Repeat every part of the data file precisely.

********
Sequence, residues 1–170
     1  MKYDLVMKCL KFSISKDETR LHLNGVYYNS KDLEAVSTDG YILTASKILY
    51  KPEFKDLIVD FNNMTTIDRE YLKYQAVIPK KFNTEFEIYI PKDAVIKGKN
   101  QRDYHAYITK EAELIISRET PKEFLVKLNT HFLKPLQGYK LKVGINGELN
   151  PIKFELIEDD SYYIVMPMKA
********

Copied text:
Sequence, residues 1–170
     1  MKYDLVMKCL KFSISKDETR LHLNGVYYNS KDLEAVSTDG YILTASKILY
    51  KPEFKDLIVD FNNMTTIDRE YLKYQAVIPK KFNTEFEIYI PKDAVIKGKN
   101  QRDYHAYITK EAELIISRET PKEFLVKLNT HFLKPLQGYK LKVGINGELN
   151  PIKFELIEDD SYYIVMPMKA